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Robot bees and monitoring; building the future

June 25, 2018

Robot bees and monitoring; building the future

This post is also available in: Spanish

Robot bees: Will they be our best and only alternative?

The bees are dying. It’s no joke, neither should you take it as such. Nobody truly knows why, but the facts are that the number of bees is decreasing on a global scale, and it’s an increasing phenomenon. But, who cares, right? Well, you should.

A study published in 2013 by San Francisco University’s Department of Biology states that, from 2006, between 30 to 40% of the honeybees colonies were lost in the United States. It is not a matter of loss of interest in apiculture. Simply, there are every day fewer and fewer bees. It’s a phenomenon that is happening in every developed country around the world.

Experts point multiple causes; from certain kinds of mites to the use of some types of pesticides – the ones known as neonicotinoids-, up to factors of a greater scale, like the loss of habitats or the climate change.

The effects on nature and the human being of such loss aren’t small. Bees are the main responsible for the pollination process, vital for the formation of the fruit and seed on plants, and ultimately is what feeds us human beings. Yes, all of us. That includes you, dear reader.

To give you an idea of the problem: according to the Food and Agriculture Organization of the United Nations (FAO), from the 100 farming species that produce 90% of the food in the world, around 70% relies on bees for the pollination process to be possible.

You might be thinking that there are other insects capable of pollinate, and in fact, they exist, but its participation in the process is minor: bees are 95% of all the ‘visits’ from flower to flower.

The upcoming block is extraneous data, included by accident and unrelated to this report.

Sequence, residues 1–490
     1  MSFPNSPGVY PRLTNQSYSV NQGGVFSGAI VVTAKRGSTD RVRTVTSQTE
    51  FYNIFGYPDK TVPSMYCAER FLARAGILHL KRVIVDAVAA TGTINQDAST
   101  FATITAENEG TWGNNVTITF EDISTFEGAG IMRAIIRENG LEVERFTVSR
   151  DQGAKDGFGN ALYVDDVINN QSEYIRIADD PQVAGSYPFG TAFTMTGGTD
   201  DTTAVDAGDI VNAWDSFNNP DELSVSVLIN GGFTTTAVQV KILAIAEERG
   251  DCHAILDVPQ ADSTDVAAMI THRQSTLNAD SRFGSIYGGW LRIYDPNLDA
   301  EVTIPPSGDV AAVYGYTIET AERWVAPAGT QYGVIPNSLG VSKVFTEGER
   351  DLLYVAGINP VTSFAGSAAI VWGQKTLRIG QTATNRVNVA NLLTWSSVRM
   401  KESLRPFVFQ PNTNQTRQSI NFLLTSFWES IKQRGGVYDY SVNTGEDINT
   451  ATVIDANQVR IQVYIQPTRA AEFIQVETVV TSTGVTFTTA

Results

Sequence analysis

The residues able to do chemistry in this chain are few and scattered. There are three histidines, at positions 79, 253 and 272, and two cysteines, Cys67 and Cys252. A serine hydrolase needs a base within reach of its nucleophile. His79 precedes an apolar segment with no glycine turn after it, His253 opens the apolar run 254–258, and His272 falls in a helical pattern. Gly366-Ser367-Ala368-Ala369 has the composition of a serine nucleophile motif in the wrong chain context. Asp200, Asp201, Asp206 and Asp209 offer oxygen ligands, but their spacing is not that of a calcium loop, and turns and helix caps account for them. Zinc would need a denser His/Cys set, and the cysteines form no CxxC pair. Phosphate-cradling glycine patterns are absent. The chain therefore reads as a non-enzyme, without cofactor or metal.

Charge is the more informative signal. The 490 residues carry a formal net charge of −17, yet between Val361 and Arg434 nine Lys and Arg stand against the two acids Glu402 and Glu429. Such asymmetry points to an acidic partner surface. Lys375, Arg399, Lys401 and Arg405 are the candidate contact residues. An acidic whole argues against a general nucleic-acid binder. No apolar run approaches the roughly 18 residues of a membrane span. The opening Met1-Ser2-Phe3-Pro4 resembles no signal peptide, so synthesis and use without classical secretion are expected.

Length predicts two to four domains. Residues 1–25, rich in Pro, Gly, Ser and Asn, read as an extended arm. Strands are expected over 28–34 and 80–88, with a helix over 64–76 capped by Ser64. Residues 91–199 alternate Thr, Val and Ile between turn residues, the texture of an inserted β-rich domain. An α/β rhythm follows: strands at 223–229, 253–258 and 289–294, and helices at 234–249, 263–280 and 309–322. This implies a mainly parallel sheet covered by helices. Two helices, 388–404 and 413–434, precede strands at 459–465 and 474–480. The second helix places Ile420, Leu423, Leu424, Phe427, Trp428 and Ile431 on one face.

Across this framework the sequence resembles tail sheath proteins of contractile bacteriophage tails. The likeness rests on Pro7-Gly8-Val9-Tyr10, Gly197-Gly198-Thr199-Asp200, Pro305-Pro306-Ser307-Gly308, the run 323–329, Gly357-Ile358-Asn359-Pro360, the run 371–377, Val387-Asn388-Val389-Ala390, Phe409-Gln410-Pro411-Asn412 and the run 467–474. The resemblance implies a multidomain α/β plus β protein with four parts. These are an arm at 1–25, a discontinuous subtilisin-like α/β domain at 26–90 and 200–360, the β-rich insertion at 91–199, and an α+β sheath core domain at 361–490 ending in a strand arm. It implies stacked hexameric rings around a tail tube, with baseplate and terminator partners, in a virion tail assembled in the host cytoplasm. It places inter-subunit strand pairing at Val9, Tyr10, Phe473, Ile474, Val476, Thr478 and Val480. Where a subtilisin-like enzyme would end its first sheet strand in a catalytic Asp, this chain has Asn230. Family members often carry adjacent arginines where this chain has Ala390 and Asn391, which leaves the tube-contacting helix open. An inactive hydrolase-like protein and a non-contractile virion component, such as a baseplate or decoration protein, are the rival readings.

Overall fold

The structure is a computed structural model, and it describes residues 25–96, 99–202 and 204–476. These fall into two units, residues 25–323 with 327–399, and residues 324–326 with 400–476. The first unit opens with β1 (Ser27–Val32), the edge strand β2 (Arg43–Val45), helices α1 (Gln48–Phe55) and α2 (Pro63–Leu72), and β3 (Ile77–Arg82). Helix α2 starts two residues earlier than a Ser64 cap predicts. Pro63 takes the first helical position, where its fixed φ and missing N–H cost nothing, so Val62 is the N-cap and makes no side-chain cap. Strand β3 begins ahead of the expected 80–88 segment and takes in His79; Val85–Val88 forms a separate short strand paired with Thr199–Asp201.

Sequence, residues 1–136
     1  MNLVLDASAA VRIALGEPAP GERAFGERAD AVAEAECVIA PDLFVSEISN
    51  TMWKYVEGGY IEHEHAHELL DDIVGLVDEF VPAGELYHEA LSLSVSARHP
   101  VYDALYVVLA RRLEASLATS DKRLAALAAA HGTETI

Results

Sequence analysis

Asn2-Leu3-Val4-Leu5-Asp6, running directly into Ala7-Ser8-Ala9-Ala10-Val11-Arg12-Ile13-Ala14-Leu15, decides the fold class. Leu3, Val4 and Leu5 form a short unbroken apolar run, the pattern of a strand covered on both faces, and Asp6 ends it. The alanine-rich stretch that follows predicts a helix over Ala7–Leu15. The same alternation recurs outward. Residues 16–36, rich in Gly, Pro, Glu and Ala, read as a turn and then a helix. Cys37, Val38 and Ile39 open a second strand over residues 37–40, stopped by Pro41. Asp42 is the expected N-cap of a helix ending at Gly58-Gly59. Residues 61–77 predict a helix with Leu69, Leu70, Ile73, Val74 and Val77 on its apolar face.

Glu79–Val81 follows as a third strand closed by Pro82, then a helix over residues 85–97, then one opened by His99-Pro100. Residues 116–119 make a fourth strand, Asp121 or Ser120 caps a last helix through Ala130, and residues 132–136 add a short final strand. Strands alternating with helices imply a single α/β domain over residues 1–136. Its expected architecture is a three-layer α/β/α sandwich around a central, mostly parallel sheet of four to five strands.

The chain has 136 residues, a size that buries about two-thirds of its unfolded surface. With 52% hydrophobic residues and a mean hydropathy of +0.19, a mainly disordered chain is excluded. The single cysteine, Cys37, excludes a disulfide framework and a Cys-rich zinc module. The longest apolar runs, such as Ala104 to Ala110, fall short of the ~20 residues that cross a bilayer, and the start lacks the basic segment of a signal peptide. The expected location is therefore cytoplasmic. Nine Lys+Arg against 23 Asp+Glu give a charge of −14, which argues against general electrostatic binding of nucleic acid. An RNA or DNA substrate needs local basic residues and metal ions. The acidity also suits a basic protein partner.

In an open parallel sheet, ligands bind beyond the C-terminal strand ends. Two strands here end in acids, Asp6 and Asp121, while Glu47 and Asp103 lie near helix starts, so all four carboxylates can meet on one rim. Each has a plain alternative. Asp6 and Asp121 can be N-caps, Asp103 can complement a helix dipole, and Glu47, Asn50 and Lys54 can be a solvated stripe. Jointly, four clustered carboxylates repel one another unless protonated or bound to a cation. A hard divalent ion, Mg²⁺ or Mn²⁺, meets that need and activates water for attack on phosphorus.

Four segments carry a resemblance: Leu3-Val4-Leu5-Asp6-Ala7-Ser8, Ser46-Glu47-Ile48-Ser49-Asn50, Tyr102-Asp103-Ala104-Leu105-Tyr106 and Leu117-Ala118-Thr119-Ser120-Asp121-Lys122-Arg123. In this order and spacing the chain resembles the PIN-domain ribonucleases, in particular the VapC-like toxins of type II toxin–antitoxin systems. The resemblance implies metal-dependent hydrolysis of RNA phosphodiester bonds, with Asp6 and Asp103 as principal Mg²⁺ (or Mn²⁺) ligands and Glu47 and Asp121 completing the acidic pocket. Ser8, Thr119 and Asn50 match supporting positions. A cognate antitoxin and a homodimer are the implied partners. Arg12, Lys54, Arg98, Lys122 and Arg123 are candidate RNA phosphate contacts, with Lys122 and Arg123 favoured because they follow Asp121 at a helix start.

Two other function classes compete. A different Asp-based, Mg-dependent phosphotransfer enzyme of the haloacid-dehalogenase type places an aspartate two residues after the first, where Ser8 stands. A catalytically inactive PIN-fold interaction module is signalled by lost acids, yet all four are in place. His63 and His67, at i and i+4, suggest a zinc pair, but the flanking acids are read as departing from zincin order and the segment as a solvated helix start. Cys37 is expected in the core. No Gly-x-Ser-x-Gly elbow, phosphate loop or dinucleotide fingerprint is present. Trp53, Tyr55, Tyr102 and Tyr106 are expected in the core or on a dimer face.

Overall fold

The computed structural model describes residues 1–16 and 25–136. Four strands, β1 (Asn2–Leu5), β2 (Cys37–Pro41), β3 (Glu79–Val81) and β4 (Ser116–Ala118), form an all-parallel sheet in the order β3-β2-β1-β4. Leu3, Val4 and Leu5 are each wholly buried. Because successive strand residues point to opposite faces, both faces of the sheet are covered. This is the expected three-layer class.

Let’s make this clear. Nowadays, without bees, the human being would starve to death. Probably, millions of people would die all over the world. What can we do to prevent this disturbing vision?

Although there are no doubts about making the bee population rise and stabilize would be the best solution, some people are already looking for alternative solutions in case someday we see ourselves in the circumstance of living in a world lacking bees.

Maybe the most striking solution is the creation of robot bees.

This has been the matter of work of several teams of scientists for years now.

During the last decade, a team of researchers from Harvard University and Northwestern University has developed the first robot bee, as part of the known as RoboBee Project. With a weight of 80 grams and a size of a small coin, it has two tiny wings of 3cm which could be flapped 120 times per second.

In 2016, a group of scientists from Varsow Polytechnic University would have created the first prototype of robot bee capable of pollinate flowers.

The device -a tiny drone of around 100 grams of weight-, would be capable of locating a flower, pick its pollen, and take it from the masculine flower to the feminine to complete the fertilization process.